Bill Wilson started Wilson Combat nearly 40 years ago, primarily doing custom work on M1911 handguns for competition shooters. As his name became known and his business became more popular, he started selling his own parts and eventually making complete Wilson Combat M1911 pistols. The company continued to branch out even further, and today is also known for its custom shotguns, AR-pattern rifles, sound suppressors and the EDC X9 line. Also on the handgun side, Wilson Combat had already expanded operations to include parts and modifications for Glock and Beretta pistols, and in 2020, in collaboration with SIG Sauer, the company released a customized version of SIG’s P320 called the WCP320.
For those who may not be familiar, the P320 is the civilian version of the SIG M17/M18 handgun that was recently adopted for use by the U.S. military. The pistol is a striker-fired, polymer-frame semi-automatic. A modular design, the frame’s serialized chassis, containing the slide rails, sear and trigger assembly, can be removed from the polymer grip shell and inserted into a shell of a different size or color. The P320 is offered chambered in 9 mm Luger and .45 ACP, and can be converted to the other cartridge by swapping slides, barrels and magazines. Slides and barrels are available in a variety of lengths, and all these parts can be switched out without the need for tools, so a person can buy one pistol and several conversion kits, and have a handgun capable of everything from concealed carry to competition.
The WCP320 measures 8.25" long with a 4.7" barrel and a sight radius of 6.4". A fullsize pistol with a detachable box magazine capacity of 17 rounds, the WCP320 weighs 29 ozs. empty. Currently, it is available only in 9 mm Luger. It can be ordered with an upgraded Grayguns Competition Trigger (either curved or flat) for an additional $155.
WCP320s are made using frames supplied by SIG that are marked with a “WC” serial number prefix. Slides are also sourced from SIG, but are machined by Wilson Combat and finished in a black diamond-like carbon (DLC) finish. A red fiber-optic front sight is paired with a black, serrated rear sight with a U-shaped notch. The sights on our test pistol were well-regulated from the factory for use at 25 yds.
Taking a closer look at the WCP’s components, we see that the plastic grip module is a new and unique product, and not a SIG grip module that has been re-shaped or re-textured. It is marked with Wilson Combat logos and uses what the company calls Starburst grip texturing. This texturing is a series of raised points offset by deep grooves that radiate away from the rear of the grip in a semi-circular pattern. The front and rear areas of the grip are textured with a grained “cat tongue” pattern that provides a nice contrast to the Starburst design. The slide’s front and rear cocking serrations are patterned in what Wilson Combat calls X-TAC; this is similar in appearance and function to the Starburst grip texturing, and alternates high and low machined areas in a repeating series of “X”s. The machining continues up over the top surfaces of the slide in front and behind the ejection port.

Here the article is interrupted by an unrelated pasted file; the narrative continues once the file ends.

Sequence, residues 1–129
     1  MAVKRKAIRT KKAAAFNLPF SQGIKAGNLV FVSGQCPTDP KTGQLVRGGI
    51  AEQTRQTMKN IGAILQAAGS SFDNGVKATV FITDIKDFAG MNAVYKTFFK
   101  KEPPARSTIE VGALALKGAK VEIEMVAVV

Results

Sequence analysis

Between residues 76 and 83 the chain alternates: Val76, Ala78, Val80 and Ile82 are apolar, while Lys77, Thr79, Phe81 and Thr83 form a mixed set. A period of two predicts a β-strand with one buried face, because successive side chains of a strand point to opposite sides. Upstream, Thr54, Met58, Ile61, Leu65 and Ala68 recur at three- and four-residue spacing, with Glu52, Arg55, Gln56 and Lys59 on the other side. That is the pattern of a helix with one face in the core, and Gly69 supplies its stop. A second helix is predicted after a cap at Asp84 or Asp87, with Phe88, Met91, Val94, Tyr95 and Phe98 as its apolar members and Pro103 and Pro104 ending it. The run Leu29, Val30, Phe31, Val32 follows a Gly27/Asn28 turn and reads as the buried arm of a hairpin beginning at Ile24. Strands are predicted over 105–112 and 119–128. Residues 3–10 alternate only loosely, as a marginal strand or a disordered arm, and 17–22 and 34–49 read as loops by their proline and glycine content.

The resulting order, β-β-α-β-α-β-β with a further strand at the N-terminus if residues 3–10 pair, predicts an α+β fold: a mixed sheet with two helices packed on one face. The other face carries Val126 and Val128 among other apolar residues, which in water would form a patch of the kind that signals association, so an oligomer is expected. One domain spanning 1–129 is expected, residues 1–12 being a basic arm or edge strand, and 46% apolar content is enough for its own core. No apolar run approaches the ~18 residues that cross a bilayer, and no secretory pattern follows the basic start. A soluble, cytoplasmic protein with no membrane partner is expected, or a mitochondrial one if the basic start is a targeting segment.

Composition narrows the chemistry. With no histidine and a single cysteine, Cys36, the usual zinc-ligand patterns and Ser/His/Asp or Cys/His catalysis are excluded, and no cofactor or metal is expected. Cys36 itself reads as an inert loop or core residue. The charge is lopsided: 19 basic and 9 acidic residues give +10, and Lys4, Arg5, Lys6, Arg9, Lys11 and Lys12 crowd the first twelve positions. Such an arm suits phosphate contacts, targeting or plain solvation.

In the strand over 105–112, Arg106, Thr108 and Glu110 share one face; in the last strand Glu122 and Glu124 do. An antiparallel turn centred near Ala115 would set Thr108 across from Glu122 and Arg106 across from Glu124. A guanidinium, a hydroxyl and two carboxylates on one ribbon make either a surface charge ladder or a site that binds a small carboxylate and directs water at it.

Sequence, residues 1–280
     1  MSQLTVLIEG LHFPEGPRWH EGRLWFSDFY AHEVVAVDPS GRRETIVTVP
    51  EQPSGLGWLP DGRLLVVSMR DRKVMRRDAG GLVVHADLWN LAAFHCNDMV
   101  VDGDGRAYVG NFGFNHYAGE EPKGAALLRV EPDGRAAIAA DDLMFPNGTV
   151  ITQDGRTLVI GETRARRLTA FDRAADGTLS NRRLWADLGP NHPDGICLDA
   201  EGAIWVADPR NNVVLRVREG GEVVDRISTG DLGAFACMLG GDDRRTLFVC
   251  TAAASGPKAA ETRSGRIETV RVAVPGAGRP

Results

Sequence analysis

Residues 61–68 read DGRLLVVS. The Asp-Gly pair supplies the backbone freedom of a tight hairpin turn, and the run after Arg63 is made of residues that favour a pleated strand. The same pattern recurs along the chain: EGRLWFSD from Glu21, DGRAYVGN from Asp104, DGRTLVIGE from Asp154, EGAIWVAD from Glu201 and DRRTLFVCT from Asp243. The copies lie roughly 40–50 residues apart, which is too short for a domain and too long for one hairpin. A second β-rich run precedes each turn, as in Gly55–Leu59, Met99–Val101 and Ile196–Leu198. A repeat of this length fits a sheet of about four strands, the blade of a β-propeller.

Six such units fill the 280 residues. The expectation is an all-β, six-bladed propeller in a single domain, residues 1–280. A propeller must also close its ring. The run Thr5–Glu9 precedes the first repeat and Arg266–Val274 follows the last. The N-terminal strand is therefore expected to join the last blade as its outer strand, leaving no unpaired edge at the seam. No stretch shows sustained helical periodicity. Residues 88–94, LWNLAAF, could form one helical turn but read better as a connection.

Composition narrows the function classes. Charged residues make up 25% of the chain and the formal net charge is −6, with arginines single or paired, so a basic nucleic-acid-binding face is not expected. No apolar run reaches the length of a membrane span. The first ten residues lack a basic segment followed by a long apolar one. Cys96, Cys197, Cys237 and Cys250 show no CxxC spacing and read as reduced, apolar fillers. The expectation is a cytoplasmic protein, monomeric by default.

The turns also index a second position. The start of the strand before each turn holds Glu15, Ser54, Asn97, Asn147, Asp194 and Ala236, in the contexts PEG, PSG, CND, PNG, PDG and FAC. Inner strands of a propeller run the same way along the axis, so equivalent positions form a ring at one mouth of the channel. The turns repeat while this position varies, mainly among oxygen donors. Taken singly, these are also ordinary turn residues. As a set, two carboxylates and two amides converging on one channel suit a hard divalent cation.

The standard SIG grip module cross section is quite rounded in feel, while the WCP320’s frame has more pronounced corners. The WCP module measures 5.5" in circumference above the magazine release and behind the trigger, while the standard P320 frame is 5.75" around. Reach, from the center of the backstrap to the center of the trigger, for the Wilson Combat is 3.125", compared to 3.375" on the P320’s regular fullsize module. The shooter’s hand size and personal preference will determine which grip feels the best, but we believe most will find the WCP320’s grip shape to be quite comfortable and natural in the hand.
Controls on the WCP320 consist of a reversible, push-button magazine release button, bilateral slide release levers and a left-side takedown lever. A four-slot accessory rail is molded into the gun’s dustcover for the installation of a light or a laser. Both black and tan grip modules are available, and our test sample came with a tan one with a straight, upgraded Grayguns trigger.
Our test sample’s trigger broke at an average weight of 3 lbs., which is exceptionally light for a striker-fired pistol of this type. It was a bit gritty as initially received, but that mostly worked itself out after a bit of dry-fire practice and a trip to the range. Reliability testing was conducted with a variety of loads, including steel-cased imports from Russia and some older military surplus ammunition from Switzerland; all functioned flawlessly.
Accuracy testing was conducted using two Wilson Combat loads and a Fiocchi jacketed hollow point. The best accuracy was attained using Wilson Combat’s 124-gr. Speer Gold Dot-topped ammunition, which managed a five-group average of 1.93" at 25 yds. Average extreme spread between the three loads was 2.4"—a fine result for a handgun at this range. The 9 mm Luger cartridge isn’t known for producing punishing recoil, but hotter defensive loads can typically become fatiguing with extended use, however, the fullsize WCP320 was pleasant to shoot even during the extensive use of +P-rated loads.
With a base price of $1,195, the Wilson Combat WCP320 is expensive, but it’s an accurate and reliable pistol that’s ready for service right out of the box. The alterations made to SIG’s P320 are thoughtful and well-executed, making an already solid platform even better.